Novels, Science, SFF

The August Birds: 4 August, 2013

august birds cover jpgSo. I’ve recently published my first novel, The August Birds. Because it takes place over the month of August, with each day corresponding to a chapter, I’ll be uploading it piecemeal over the next few weeks. If this is your first stop, the story starts here.

AUGUST 4, 2013


August perched on his seat at the cafe pavement, his legs swinging down and the ravens on the table top. Their iron claws left scratches in the surface. Around him, people were drinking apple tea in little glass cups, mint tea that wasn’t green at all, as August had expected when he saw the leaves–but the tea made the air smell green regardless, a fresh sweet scent shot through with honey, with flaked pastry and almonds and orange water. It actually made him feel hungry.

“You should have eaten before you came,” said Muninn, breaking in.

“I wasn’t hungry then,” August replied. And he hadn’t been–his hunger was a living thing now, and freakish. It came and went seemingly without reason. Sometimes he was ravenous. More and more often he was indifferent. He spent so much time lying about, without the energy to do much of anything that he felt little need to eat and nothing his Mum made was tempting to him. He tried to eat what she made anyway, because it made her feel better, but both of them knew that what he was eating was not enough. He saw Muninn eyeing the baklava and for a moment he was tempted to ask, but there was no place on the ravens for keeping coin and he would not ask her to steal for him. Besides, if he was still hungry when he got home it would make his Mum happy if he asked for honey and apples and layer slices so August breathed deeply, breathed in the scent of cooking mixed with salt, and refrained.

The cafe looked down over the water, over a sea that was crowded with boats–big boats and little boats and some with strange sails that August did not recognise, moving up and down the Bosporus, through the strait that split the city, past giant domes and island towers, past skyscrapers and train stations.

“I am taking you to a train station,” Muninn had said. “A place of departures, a point of travel. But not yet.” She had taken him to gardens and cottages and graves, and although Muninn had flown with him over a great city she had not landed there. Istanbul was different, a place for landing, for disembarking, and it was nearly too much for him. If August was a sick little boy he was still a little boy for all that, and curious, and the ravens could not have dragged him through the streets without acclimation, without the chance to stop and settle into himself, to see the city before him if only from a chair. To absorb the strangeness of it, the old and new together and so much of it alive around him. He had nearly tripped while sitting, trying to spin in place as he sat and by spinning encircle himself with sights and sounds and smells that he had never thought that he would have, all bound together and on top of each other until there was no separating them.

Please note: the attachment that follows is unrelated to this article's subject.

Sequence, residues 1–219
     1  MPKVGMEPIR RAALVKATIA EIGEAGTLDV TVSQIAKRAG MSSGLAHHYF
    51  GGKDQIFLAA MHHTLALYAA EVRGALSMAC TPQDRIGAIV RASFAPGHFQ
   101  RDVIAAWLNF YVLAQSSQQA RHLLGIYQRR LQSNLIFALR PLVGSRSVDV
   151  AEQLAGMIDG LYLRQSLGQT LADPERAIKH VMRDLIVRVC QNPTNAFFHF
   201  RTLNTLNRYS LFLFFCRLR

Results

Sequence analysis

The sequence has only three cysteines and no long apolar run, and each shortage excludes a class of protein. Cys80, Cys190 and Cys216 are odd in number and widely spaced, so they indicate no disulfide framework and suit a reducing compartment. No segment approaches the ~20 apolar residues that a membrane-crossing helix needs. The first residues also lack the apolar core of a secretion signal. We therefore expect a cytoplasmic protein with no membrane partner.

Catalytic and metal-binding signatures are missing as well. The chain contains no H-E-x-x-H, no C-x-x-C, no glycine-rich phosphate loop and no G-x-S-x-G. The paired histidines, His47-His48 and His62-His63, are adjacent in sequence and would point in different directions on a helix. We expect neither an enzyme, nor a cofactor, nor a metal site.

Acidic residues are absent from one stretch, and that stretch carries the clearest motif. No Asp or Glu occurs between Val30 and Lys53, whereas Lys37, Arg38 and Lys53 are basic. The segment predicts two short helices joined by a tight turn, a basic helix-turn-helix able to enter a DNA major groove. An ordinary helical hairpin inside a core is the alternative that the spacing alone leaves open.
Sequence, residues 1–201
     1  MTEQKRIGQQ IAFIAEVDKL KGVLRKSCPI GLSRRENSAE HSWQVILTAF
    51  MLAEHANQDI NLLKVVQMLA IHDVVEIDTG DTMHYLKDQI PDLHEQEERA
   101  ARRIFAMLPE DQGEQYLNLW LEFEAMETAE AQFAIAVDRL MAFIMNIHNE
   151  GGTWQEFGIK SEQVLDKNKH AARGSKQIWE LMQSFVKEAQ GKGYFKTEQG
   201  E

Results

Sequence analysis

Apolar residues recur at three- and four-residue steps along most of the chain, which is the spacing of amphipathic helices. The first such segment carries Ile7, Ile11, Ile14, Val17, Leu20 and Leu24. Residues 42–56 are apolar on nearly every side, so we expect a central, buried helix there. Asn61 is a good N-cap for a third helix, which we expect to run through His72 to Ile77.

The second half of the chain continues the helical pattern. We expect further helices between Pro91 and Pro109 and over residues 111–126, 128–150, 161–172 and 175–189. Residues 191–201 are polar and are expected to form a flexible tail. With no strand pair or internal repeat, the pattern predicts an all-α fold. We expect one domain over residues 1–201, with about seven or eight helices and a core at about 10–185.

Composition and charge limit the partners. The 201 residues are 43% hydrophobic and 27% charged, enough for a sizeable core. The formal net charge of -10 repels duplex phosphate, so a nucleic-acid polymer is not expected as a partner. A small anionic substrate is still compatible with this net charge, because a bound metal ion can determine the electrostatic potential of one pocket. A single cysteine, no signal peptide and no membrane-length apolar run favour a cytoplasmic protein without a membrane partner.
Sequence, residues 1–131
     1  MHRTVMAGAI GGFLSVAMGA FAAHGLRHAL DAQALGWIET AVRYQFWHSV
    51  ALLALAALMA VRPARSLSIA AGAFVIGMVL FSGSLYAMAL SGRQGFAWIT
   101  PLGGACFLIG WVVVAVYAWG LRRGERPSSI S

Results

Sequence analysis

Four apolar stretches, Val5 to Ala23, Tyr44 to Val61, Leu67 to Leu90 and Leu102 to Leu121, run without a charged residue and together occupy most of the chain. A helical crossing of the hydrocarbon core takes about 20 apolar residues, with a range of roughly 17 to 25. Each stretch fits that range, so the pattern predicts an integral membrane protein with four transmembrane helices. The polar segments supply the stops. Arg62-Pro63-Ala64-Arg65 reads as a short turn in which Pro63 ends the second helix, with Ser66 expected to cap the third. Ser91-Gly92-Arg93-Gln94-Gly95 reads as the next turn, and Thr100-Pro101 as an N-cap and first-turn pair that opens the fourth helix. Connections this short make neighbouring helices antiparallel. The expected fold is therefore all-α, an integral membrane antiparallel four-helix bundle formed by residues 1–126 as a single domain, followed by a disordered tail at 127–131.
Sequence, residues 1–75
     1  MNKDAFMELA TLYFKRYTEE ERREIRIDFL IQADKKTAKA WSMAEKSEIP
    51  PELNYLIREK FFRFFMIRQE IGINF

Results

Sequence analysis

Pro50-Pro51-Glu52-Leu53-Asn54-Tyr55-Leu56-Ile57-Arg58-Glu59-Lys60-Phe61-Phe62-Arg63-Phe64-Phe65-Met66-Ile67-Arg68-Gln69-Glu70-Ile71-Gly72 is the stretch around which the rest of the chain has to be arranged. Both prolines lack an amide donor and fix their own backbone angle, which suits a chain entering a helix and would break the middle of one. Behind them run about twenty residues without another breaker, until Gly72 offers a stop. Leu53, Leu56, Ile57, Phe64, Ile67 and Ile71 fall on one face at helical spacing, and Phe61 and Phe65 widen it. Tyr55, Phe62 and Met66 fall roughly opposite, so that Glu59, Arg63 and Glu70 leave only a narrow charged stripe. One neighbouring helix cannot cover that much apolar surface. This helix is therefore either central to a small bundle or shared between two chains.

And then the shock of it was over and August could function again without tripping, could rise from his chair into an immersion he had begun to tolerate and then it was time for the train station. “I can fly you if you wish,” said Muninn, but August shook his head.

“It’s only a short walk,” he said, wanting the experience. Wanting to drag it out, to stretch the time he was given before he had to return to his bed, to familiar streets and scenes and sickness. “I can do it.” He walked slowly, for Muninn had allowed the time, and his legs were steady beneath him. They weren’t always, but August was having a good day, a marvellous one, and if his chest worked harder than it was used to then that was alright, because only living things could breathe and August was alive and walking through streets of people who were also alive, like him. They were like each other.

“You know,” he said, stopping to rest for a few moments at a corner and watching the people move around him, as unconscious of their movement as if they were water streaming about a river rock, “when I was little I wanted to be a train driver.” There’d been a railway track and carriages and a bright engine set all along his floor, and he would lie with it and pretend it was steam coming out of the chimney, real steam instead of bubbles.